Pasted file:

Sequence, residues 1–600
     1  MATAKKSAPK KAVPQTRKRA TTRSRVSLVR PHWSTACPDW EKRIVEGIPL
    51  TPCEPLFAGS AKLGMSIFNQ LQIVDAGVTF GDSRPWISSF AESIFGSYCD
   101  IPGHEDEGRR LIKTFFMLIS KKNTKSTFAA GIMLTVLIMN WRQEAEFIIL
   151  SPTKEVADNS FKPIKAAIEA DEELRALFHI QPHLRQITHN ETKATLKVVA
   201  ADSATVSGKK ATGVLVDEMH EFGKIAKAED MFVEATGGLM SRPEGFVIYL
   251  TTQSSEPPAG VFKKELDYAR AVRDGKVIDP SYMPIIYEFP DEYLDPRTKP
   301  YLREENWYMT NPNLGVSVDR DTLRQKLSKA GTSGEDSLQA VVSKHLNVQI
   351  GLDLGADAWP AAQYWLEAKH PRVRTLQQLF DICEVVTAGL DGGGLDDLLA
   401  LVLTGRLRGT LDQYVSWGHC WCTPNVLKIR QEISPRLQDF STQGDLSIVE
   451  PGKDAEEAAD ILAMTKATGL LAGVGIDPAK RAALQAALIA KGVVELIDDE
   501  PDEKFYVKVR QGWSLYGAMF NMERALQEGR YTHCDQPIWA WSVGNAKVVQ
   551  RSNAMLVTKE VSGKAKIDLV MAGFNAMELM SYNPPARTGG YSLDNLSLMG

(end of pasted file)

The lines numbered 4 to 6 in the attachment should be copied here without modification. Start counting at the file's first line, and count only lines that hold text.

   101  IPGHEDEGRR LIKTFFMLIS KKNTKSTFAA GIMLTVLIMN WRQEAEFIIL
   151  SPTKEVADNS FKPIKAAIEA DEELRALFHI QPHLRQITHN ETKATLKVVA
   201  ADSATVSGKK ATGVLVDEMH EFGKIAKAED MFVEATGGLM SRPEGFVIYL